I love watching how the players on my ship respond to a scenario or situation that I put them in. For instance, in a mission last year called “Sentinel,” I had both my character along with the first officer and a few others in a turbolift that went crashing down the shaft. Just before she left the bridge, she gave the conn to our chief engineer, Geoffrey Teller, and he led the ship through a battle with Tholians all while doing his best to handle the weight and anxiousness of the responsibility he’d suddenly had thrust upon him.
Another such moment was during the mission called “Limbo,” where the crew were stranded on a tropical moon for six months while the rest of the universe only experienced a few hours. Because of that time spent by themselves, the relationships among the crew really developed, and we had both a romance bloom between two characters (Wil Ukinix and G’var) and a renewed bonding between all of the officers, especially in the wake of the crew shuffle after Montreal’s launch.
Still, the proudest moments as a CO now have definitely been helping guide two players, Mei’konda and Evan Delano, to reach the rank of commander and beyond. I’m forever grateful to my own command mentors, and so it’s incredibly rewarding to see my own players achieve their command goals.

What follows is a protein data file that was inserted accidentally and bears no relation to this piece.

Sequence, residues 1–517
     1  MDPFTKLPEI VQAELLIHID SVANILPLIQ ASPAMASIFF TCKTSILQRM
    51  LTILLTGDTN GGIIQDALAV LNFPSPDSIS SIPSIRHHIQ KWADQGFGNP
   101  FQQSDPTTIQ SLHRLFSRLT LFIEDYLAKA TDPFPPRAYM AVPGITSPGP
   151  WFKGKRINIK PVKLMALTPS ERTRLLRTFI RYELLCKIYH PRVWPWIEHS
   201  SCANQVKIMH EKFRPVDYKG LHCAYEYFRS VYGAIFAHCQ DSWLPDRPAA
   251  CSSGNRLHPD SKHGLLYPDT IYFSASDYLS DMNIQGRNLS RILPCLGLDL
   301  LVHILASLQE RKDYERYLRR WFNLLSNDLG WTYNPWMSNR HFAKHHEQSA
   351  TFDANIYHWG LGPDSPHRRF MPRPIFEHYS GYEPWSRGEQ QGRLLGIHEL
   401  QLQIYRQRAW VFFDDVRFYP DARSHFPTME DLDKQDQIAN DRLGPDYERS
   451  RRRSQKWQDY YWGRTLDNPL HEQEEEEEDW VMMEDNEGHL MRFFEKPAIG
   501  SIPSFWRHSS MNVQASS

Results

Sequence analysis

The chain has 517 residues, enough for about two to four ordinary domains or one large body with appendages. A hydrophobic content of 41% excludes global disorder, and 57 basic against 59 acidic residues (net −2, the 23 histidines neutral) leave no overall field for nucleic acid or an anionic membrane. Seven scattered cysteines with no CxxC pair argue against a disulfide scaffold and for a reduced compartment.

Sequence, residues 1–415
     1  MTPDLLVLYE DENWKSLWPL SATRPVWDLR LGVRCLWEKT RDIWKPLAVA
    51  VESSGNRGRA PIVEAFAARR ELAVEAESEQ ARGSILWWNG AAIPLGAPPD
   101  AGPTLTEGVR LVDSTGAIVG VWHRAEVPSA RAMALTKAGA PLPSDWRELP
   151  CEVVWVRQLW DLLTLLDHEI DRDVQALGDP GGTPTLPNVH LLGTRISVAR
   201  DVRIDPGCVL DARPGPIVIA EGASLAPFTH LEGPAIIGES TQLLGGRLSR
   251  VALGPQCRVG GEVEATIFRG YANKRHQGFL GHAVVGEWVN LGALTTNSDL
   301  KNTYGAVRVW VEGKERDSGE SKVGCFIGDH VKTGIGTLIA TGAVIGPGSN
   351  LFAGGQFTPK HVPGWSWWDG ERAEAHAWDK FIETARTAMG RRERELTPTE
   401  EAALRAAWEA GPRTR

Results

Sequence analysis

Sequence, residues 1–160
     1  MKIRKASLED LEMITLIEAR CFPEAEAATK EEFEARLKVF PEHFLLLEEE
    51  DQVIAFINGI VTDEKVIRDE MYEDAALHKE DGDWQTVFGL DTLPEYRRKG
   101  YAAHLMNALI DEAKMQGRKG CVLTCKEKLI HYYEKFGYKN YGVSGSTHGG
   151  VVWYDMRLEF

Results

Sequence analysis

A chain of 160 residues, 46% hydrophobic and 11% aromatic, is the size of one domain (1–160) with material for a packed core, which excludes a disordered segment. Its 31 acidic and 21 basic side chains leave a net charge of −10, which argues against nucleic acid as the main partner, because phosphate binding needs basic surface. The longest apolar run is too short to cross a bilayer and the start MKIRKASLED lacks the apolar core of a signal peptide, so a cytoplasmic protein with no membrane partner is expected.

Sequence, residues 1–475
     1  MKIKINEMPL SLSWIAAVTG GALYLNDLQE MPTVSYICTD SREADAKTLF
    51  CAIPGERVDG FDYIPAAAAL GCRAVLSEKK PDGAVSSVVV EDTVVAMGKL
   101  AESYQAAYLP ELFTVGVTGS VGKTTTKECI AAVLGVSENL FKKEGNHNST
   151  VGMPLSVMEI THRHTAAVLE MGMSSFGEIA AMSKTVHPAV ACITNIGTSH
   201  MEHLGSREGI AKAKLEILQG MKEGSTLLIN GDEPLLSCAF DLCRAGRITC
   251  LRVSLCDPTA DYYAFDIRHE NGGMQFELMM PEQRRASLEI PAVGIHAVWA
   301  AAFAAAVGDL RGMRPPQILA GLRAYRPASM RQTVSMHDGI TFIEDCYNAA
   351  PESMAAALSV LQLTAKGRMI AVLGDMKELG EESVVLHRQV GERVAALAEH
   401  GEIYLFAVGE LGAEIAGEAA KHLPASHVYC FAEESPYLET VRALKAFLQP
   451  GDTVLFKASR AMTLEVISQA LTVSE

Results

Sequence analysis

With years of command now under your belt, what has been the greatest challenge, in character and out of character, with the command experience?
The greatest challenge out of character is the unpredictable nature of overseeing a group of people from all walks of life and all corners of the world. I’ve joked before with my previous CO Fleet Captain Kells (who now sims aboard Veritas as our operations officer Lia Rouiancet) that being part of the command staff feels like being part of a volunteer fire department at times. Sometimes, someone accidentally misses tags from another person, for instance, and they feel ignored or even slighted. Fortunately, I’ve only encountered a few truly unpleasant people in my nearly ten(!) years here in 118, and the vast majority are just fellow Trekkies who want to tell and share fun stories together. Part of being captain is helping everyone remember that and really setting forth the tone and expectation that we all want to be kind to one another and be proactive in reaching out to help if someone should ever make a mistake or could use a little feedback.